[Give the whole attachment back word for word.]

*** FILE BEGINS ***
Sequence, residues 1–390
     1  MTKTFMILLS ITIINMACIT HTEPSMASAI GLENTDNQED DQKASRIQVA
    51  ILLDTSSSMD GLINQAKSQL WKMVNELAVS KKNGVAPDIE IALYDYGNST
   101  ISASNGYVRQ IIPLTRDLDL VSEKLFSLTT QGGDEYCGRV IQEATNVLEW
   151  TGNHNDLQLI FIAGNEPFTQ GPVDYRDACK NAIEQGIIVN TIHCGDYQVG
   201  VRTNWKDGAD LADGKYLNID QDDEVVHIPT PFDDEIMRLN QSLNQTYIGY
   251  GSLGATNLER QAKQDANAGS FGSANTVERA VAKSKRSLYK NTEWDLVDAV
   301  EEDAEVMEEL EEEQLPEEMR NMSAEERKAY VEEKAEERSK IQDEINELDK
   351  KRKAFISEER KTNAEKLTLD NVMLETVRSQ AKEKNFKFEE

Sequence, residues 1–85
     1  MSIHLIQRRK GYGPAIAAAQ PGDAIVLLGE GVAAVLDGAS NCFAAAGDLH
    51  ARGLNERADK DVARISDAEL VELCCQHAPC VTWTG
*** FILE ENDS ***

Sequence, residues 1–390
     1  MTKTFMILLS ITIINMACIT HTEPSMASAI GLENTDNQED DQKASRIQVA
    51  ILLDTSSSMD GLINQAKSQL WKMVNELAVS KKNGVAPDIE IALYDYGNST
   101  ISASNGYVRQ IIPLTRDLDL VSEKLFSLTT QGGDEYCGRV IQEATNVLEW
   151  TGNHNDLQLI FIAGNEPFTQ GPVDYRDACK NAIEQGIIVN TIHCGDYQVG
   201  VRTNWKDGAD LADGKYLNID QDDEVVHIPT PFDDEIMRLN QSLNQTYIGY
   251  GSLGATNLER QAKQDANAGS FGSANTVERA VAKSKRSLYK NTEWDLVDAV
   301  EEDAEVMEEL EEEQLPEEMR NMSAEERKAY VEEKAEERSK IQDEINELDK
   351  KRKAFISEER KTNAEKLTLD NVMLETVRSQ AKEKNFKFEE

Sequence, residues 1–85
     1  MSIHLIQRRK GYGPAIAAAQ PGDAIVLLGE GVAAVLDGAS NCFAAAGDLH
    51  ARGLNERADK DVARISDAEL VELCCQHAPC VTWTG